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Bankrate's 2007 Living Green, Saving Green Guide
Fact & fiction
Many truths and untruths are circulating. What's true?
Fact & fiction
Products hyped as 'green' often fall short
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When green isn't green
The differing definitions of green can sometimes cause green advocates to battle over what is really green or what is greener. One case in study is ethanol, which has recently been touted as a cleaner and greener fuel that cannot only help save the environment but can help wean the United States off foreign oil. But Todd Larsen, corporate responsibility programs director for Co-op America, says ethanol isn't really a green solution. Millions of acres of land, argues Larsen, would need to be cleared to plant more corn, more environmental damage would occur from the run-off from fields and a food crop would be diverted to energy. It would ultimately raise the price of corn, he adds, putting pressure on the world's poor that won't be able to afford a major staple of their diet.

If each of the 1.7 million rental cars in the U.S. were a hybrid, more than 9 million gallons of gasoline would be saved -- every time the tanks are filled.

"A true green solution (or greener solution) would be to increase the fuel efficiency of the cars and create more hybrids and plug-in vehicles," says Larsen.

The demand for more fuel-efficient cars has significantly increased in the past couple of years but may be due more to the increased price of gas than consumers' desires to leave a smaller "footprint." Nevertheless, automakers have been eager to respond by promoting and advertising more fuel efficient vehicles. Green advocates all agree that as demand for green products and services increases, so will the supply.

But at times, there appears to be greenwashing even within the green community itself. Al Gore, one of the leaders of the environmental movement, has been criticized for his nongreen policies when he pushed through the North American Free Trade Agreement while serving as vice president. The agreement opened the door to some of the unfair trade practices which many green organizations are speaking out against today. People for the Ethical Treatment of Animals, or PETA, for example, offers report cards on greenwashing organizations that try to mask testing products on animals. Meanwhile, PETA also has its critics, who say that the organization kills more animals (through euthanasia) than it helps.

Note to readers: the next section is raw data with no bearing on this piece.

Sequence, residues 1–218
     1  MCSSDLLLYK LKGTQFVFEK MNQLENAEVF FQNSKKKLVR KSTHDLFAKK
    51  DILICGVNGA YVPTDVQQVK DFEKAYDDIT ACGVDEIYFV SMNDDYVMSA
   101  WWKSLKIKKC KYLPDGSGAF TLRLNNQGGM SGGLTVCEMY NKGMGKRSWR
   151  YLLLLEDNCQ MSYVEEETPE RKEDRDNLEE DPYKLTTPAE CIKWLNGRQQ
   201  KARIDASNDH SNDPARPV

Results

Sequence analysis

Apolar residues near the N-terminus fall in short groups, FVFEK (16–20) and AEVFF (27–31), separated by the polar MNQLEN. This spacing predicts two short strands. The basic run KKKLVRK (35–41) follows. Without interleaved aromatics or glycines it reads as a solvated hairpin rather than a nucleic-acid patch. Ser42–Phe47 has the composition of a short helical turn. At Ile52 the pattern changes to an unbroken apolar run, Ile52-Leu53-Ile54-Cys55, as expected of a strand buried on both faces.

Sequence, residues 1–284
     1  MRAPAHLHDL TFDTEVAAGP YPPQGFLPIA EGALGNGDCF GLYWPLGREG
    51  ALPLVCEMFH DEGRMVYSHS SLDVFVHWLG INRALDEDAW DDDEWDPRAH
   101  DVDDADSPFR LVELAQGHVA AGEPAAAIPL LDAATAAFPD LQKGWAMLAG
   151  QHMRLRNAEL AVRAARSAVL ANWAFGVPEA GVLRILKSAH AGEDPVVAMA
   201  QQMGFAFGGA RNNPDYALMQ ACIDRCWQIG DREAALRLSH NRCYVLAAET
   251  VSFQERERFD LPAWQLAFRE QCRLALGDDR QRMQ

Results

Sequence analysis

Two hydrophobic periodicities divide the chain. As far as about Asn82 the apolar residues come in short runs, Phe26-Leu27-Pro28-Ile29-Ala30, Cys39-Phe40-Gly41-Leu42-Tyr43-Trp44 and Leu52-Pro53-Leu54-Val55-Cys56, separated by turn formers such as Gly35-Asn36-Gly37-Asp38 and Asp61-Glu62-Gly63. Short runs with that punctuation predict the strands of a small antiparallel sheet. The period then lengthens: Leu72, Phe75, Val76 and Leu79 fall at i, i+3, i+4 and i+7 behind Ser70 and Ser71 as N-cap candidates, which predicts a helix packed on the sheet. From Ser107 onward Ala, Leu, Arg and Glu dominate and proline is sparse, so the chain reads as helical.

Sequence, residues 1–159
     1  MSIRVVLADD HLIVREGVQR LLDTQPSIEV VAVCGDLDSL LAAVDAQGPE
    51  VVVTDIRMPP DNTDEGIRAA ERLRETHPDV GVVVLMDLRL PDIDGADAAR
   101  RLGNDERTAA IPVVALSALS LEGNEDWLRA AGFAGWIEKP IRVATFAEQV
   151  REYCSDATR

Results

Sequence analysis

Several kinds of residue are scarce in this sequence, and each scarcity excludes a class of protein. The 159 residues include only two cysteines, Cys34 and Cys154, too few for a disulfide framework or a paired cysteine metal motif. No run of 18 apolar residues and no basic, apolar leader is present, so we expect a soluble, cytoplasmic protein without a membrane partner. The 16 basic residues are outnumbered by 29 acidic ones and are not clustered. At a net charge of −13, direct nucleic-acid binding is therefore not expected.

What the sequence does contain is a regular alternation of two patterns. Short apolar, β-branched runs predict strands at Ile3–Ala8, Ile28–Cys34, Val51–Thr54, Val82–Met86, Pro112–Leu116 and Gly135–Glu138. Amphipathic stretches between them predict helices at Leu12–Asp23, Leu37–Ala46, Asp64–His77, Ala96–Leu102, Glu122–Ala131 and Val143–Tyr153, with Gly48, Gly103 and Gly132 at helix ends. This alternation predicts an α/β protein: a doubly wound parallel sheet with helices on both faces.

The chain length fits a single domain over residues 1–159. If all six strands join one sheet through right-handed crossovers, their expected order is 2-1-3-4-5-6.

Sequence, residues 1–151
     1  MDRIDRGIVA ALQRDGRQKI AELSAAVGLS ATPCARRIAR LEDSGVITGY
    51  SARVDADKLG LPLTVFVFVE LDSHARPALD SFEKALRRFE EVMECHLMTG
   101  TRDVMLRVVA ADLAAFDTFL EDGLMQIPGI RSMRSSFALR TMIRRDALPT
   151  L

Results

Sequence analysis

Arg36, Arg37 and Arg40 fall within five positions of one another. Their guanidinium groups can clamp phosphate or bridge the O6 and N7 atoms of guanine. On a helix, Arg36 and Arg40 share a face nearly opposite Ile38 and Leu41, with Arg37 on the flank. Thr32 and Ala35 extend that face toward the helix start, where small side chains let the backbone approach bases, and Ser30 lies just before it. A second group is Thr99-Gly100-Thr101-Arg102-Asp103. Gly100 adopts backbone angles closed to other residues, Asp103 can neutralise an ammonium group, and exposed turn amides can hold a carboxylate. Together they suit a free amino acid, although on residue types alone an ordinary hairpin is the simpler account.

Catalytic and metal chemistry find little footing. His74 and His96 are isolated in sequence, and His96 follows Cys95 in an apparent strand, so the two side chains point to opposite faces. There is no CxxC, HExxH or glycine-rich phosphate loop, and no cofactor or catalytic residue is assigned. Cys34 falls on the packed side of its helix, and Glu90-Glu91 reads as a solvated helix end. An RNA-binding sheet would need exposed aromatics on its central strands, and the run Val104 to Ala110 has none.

Ethanol isn't a 'green' solution -- it would mean clearing millions of acres of land, create pollution from run-off and deprive the world's hungry.

It might also be a fair observation to say that nothing in the civilized world is truly green. Those that live the hardcore green lifestyle note that no matter how green a product may be, chances are it is shipped to stores on smoke-belching trucks and handled by underpaid workers at some point in the supply chain. Within the green realm are certain levels of greenness that range from buying a compact fluorescent light bulb to living strictly off solar power, boycotting big chain retailers and riding a bicycle.

Using 'green' to make green
Oil companies are far from being the only greenwashers. Everyone from big-box retailers to small service providers and corner stores use the tactic to cater to a greener market. Large corporations may be reluctant to change their ways because of the costs involved, but as more consumers demand green products, going green can also be good for profits. Shepp says green values can coexist with the pursuit of profit.

-- Posted: Oct. 4, 2007
 
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